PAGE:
Jesse Fuller biography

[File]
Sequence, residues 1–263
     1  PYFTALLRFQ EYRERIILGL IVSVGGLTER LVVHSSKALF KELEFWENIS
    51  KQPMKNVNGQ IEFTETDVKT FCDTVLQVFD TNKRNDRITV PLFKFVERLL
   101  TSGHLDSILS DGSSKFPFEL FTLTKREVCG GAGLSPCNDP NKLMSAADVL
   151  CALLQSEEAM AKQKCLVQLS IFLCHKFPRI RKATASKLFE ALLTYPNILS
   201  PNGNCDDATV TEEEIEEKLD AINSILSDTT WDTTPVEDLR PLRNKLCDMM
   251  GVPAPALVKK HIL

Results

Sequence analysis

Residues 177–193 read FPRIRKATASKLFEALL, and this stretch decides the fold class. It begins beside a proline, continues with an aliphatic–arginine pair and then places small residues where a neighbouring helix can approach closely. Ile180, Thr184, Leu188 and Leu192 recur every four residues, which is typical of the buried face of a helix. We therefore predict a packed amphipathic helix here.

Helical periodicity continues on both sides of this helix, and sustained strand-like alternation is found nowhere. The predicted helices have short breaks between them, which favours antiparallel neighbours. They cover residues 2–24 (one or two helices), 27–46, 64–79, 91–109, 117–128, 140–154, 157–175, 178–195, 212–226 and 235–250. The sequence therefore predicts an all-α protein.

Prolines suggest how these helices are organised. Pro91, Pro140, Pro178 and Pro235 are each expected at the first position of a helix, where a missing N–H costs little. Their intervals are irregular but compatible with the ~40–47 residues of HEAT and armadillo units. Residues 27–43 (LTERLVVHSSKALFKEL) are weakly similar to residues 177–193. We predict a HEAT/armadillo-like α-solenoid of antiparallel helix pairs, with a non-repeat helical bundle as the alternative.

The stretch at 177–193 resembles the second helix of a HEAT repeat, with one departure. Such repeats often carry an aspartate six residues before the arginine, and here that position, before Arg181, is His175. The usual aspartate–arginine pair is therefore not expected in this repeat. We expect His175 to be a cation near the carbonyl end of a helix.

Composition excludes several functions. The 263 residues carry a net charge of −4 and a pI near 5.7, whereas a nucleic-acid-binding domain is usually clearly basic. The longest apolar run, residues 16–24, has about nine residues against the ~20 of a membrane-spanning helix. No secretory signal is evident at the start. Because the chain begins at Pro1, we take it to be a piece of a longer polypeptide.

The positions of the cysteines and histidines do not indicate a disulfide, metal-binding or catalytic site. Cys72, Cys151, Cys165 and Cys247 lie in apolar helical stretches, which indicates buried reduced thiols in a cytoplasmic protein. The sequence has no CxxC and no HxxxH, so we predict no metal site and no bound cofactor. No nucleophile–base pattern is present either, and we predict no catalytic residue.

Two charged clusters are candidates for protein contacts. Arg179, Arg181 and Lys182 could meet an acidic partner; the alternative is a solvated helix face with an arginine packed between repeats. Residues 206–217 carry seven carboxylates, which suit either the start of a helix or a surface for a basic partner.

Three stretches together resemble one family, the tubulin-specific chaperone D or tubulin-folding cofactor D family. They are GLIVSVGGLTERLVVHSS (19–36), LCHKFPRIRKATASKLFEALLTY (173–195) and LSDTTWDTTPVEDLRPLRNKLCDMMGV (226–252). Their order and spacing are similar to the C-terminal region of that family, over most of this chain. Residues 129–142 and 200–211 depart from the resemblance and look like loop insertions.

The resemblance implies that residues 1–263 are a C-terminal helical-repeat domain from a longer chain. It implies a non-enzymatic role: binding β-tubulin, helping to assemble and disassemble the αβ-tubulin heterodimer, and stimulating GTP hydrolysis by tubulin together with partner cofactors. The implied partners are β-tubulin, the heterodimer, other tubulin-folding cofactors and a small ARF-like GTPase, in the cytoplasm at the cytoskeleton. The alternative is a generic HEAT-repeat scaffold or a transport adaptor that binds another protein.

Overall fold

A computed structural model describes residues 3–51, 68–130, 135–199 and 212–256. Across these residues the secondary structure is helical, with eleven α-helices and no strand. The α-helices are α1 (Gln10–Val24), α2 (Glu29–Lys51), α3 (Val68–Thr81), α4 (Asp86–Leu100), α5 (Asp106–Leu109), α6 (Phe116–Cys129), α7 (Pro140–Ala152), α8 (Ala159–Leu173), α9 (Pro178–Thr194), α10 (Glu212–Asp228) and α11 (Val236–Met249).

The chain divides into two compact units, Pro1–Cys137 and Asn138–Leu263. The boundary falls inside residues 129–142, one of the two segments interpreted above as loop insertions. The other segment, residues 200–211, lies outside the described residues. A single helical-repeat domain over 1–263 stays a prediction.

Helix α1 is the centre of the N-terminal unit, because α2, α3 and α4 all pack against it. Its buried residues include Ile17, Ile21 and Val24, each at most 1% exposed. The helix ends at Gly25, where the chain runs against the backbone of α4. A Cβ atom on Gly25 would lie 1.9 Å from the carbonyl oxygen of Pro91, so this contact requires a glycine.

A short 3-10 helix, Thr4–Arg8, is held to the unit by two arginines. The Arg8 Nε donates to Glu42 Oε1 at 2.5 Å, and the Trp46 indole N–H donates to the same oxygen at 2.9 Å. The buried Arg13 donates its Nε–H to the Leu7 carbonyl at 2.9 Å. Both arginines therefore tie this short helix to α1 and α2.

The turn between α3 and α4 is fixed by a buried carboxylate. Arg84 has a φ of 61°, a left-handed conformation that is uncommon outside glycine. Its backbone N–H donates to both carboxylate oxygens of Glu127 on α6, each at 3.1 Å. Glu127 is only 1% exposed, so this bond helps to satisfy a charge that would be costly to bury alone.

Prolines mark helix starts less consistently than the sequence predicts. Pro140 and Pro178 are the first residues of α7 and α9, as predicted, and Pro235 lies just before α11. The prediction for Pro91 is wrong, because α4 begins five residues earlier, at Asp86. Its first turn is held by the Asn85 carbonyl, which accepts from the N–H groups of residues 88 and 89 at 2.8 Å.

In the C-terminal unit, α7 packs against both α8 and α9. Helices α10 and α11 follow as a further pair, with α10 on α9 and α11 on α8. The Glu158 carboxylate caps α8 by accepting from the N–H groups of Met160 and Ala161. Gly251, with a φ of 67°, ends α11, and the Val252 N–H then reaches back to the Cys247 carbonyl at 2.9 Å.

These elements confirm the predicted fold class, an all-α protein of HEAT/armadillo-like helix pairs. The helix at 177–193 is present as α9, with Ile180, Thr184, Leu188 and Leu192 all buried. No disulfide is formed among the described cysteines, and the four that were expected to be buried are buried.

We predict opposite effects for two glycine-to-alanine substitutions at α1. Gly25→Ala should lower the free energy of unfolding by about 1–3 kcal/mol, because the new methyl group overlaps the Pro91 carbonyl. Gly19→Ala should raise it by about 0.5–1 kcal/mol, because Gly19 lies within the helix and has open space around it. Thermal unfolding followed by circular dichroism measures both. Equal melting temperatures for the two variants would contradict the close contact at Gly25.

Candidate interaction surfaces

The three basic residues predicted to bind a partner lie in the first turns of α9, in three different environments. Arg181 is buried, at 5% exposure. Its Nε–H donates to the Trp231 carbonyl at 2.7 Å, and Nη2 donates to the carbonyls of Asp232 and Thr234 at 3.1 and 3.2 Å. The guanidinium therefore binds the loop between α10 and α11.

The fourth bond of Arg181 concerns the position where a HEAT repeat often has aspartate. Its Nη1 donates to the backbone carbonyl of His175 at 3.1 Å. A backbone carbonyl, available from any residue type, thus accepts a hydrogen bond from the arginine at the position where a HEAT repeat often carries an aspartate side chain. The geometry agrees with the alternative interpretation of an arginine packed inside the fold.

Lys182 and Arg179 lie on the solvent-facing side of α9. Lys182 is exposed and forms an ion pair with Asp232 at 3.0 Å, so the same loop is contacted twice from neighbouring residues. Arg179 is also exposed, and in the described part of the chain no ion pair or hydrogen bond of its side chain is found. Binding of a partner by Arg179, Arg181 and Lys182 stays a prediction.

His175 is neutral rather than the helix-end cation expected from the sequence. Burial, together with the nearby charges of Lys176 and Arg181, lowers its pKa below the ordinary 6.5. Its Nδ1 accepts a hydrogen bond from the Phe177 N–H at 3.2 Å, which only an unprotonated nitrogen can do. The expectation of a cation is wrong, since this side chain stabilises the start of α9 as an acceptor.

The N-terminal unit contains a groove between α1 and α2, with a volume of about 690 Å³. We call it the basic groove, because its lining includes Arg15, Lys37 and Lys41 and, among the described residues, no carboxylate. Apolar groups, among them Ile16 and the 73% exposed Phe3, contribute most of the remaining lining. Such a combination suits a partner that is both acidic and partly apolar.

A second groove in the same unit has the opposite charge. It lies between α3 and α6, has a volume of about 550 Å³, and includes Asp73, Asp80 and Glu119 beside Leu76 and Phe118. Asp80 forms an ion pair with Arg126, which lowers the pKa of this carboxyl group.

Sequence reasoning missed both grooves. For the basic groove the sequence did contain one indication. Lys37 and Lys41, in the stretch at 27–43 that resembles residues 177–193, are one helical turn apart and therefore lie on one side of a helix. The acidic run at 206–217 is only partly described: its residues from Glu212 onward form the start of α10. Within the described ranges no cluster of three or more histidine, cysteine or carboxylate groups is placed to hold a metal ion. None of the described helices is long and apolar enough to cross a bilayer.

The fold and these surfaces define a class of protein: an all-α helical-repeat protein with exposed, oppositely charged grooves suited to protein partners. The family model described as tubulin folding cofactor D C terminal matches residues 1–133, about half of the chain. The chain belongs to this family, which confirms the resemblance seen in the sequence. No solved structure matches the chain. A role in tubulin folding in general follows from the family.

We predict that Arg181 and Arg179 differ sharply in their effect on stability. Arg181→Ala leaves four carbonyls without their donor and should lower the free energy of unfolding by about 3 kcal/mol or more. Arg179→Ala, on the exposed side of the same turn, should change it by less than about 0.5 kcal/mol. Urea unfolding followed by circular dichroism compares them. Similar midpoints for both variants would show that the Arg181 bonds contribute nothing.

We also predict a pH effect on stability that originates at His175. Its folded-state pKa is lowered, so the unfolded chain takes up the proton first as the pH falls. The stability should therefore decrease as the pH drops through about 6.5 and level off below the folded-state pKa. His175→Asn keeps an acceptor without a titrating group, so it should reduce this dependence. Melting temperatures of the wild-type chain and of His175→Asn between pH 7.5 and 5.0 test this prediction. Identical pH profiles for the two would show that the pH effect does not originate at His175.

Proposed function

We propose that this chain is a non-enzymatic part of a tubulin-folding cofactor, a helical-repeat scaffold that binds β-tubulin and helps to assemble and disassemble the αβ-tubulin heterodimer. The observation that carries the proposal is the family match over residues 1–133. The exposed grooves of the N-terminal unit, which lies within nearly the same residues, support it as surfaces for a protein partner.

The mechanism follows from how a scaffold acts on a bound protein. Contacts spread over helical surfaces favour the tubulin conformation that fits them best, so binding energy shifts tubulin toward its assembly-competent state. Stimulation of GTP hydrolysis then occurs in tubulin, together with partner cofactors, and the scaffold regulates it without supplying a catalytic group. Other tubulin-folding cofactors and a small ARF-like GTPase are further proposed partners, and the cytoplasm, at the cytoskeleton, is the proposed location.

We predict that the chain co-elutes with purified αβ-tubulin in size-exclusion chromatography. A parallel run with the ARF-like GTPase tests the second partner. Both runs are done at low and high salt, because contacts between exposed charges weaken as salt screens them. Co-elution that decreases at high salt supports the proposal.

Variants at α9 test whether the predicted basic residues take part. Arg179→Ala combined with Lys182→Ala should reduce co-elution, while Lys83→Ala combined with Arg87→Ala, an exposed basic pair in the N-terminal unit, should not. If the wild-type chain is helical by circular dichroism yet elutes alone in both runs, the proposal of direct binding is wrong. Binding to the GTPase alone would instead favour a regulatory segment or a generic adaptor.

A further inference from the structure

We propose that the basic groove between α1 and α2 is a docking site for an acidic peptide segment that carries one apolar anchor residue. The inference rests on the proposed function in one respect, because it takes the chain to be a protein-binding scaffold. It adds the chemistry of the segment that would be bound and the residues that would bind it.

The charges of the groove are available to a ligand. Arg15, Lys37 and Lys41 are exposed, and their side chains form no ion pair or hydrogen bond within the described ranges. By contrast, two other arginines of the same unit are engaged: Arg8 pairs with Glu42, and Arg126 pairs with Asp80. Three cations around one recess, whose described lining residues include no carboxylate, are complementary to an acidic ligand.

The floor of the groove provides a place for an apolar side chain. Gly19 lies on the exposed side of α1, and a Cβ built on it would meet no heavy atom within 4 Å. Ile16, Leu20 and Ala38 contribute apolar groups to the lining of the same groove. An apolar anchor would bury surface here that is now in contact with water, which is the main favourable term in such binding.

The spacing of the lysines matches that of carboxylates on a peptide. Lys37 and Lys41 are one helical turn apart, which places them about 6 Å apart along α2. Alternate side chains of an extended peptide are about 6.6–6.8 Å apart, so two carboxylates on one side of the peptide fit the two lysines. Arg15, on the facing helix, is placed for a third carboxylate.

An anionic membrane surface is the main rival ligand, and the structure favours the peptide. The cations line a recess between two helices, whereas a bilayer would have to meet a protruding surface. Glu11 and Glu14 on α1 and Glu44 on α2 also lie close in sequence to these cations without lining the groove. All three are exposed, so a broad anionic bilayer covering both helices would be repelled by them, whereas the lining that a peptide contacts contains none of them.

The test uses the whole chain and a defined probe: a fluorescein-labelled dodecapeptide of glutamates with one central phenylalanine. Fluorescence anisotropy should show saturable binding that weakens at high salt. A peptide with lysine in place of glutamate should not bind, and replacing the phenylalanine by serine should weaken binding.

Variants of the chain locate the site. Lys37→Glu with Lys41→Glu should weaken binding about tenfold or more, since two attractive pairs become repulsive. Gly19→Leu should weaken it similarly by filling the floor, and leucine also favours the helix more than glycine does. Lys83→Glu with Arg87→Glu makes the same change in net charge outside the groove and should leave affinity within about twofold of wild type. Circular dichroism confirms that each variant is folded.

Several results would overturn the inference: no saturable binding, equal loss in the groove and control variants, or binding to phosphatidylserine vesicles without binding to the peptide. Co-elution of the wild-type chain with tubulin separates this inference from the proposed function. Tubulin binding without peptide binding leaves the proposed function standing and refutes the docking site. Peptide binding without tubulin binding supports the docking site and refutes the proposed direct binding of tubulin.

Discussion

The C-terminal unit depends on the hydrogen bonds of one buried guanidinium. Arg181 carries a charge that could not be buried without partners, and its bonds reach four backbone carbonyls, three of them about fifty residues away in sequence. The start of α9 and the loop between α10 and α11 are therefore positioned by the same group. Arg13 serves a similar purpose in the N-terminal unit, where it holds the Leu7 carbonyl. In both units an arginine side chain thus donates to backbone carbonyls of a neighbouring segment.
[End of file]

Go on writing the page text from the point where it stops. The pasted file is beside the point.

Jesse Fuller By Jim O'Neal Equipped with a bandful of instruments operated by various parts of his anatomy, Bay Area-legend Jesse Fuller was a folk-music favorite in the '50s and '60s. His infectious rhythm and gentle charm graced old folk tunes, spirituals, and blues alike. One of his inventions was a homemade, foot-operated instrument called the "footdella" or "fotdella." Naturally, Fuller never needed other accompanists to back his one-man show. His best-known songs include "San Francisco Bay Blues" and "Beat It on Down the Line" (the first one covered by Janis Joplin, the second by The Grateful Dead). Born and raised in Georgia, Jesse Fuller began playing guitar when he was a child, although he didn't pursue the instrument seriously. In his early 20s, Fuller wandered around the southern and western regions of the United States, eventually settling down in Los Angeles. While he was in southern California, he worked as a film extra, appearing in The Thief of Bagdad, East of Suez, Hearts in Dixie, and End of the World. After spending a few years in Los Angeles, Fuller moved to San Francisco. While he worked various odd jobs around the Bay Area, he played on street corners and parties.. Jesse's musical career didn't properly begin unitl the early '50s, when he decided to become a professional musician -- he was 55 years old at the time. Performing as a one-man band, he began to get spots on local television shows and nightclubs. However, Fuller's career didn't take off until 1954, when he wrote "San Francisco Bay Blues." The song helped him land a record contract with the independent Cavalier label and in 1955, he recorded his first album, Folk Blues: Working on the Railroad with Jesse Fuller. The albums was a success and soon he was making records for a variety of labels, including Good Time Jazz and Prestige.. In the late '50s and early '60s, Jesse Fuller became one of the key figures of the blues revival, helping bring the music to a new, younger audience. Throughout the '60s and '70s, he toured America and Europe, appearing at numerous blues and folk festivals, as well as countless coffeehouse gigs across the U.S. Fuller continued performing and recording until his death in 1976. ~ Jim O'Neal & Stephen Thomas Erlewine, All Music Guide .